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Five Fun Ways to Teach Your Kids About Money

One of the most important lessons you can teach your children is something that they won't learn in the classroom — a fundamental understanding of money and finances. Simply put, good spending habits are hard to come by — and learning those habits is something we're often taught the hard way.

The earlier you have an understanding of basic budgeting, the better off you will be in the future. Fortunately, it's never too early to begin teaching kids smart spending habits and the value of a dollar.

Whether it's saving money or avoiding a scam or ripoff, Mattress Firm's here to show you that teaching your kids these lessons doesn't have to be boring. Here are some of our favorite ways to impart your hard-earned budgeting wisdom onto your children...

Use Cash.

Technology has made it easier than ever to treat yourself to an impulse purchase — with a few clicks of your mouse, sometimes its not until your credit card bill comes that you feel the pangs of buyers remorse. A good way to show your kids that every dollar counts is the old fashioned way — using cash. Sometimes it's better to use a credit card, but showing the value of paper bills and coins will provide more of a visual explanation of how buying goods and services works. It's also a teaching moment for young children to learn the names and values of each unit of currency. For example, while a dime may be smaller, it's worth more than a nickel.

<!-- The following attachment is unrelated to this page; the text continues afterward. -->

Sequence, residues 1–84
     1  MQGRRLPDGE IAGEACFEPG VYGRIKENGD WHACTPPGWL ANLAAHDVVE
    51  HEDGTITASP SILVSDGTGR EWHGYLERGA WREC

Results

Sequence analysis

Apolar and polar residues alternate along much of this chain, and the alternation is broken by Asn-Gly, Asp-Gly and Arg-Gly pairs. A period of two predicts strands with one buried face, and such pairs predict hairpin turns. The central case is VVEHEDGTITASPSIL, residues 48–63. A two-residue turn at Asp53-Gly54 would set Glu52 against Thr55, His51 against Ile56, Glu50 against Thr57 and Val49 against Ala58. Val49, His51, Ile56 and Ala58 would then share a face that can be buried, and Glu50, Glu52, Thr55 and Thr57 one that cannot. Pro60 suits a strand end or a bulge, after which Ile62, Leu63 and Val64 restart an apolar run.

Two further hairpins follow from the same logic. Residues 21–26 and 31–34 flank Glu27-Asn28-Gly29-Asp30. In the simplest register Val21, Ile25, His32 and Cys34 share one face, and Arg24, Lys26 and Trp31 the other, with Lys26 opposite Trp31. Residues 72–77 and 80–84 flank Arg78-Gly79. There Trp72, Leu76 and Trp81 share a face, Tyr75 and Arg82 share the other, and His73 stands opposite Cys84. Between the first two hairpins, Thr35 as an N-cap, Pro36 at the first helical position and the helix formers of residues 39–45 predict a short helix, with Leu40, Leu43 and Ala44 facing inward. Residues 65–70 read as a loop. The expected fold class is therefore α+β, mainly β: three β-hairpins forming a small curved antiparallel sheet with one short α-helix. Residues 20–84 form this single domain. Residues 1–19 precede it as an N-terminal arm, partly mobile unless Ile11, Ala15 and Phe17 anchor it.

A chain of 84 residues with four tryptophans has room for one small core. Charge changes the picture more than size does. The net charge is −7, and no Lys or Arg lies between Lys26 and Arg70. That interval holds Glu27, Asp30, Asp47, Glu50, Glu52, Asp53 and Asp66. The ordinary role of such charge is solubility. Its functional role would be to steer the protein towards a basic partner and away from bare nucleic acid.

Play Money-Savvy Games.

The reviews are in and Mattress Firm's found that the old-fashioned board games that we grew up loving as kids are still just as fun today! The Game of Life, for example, teaches kids about the importance of saving for retirement, while Monopoly is a lesson in investing and financial risk.

Consider an Allowance.

It's hard to feel the disappointment of wasting or carelessly spending money if it isn't your own. Consider giving your son or daughter a few household chores each week, in exchange for an allowance. Encourage them to track how much they earn and spend, and the next time they ask for a big-ticket item, like a new gaming system, put it in perspective by showing them what sacrifices they would need to make in order to save up for the item. How many hours of washing the dishes will that new video game really cost? Mattress Firm has found that an understanding of products and prices, yields respect for the spend of the purchase. An allowance invites your kids to appreciate and understand the work required to earn every dollar, as well as the financial responsibility of budgeting their earnings.

Encourage Giving Back.

Children are natural givers, so donating is a fun way to make philanthropy enjoyable and part of the financial lesson. Work with your children and their neighborhood friends to raise money for a cause by setting up a lemonade stand to show the financial results of hard work. If you're donating the earnings to a local cause, show your children how good it feels to give,  by bringing a donation to a local foundation in person.

Set a Good Example.

Remember that your kids are watching you! If you're dodging calls from collection agencies or disagreeing with your spouse about your budget or how to manage your budget, they will notice — and those habits are easy to pick up. Set a healthy example for them and they will be much more likely to follow it as they get older.

Our kids see us handling money every day, but we often forget to talk to them about it. Encouraging our children to spend smartly begins with the lessons we teach from a young age.

Above all, don't shy away from talking to your kids about money. Smart spending habits start early in life, but pay off later as children grow and become financially independent.

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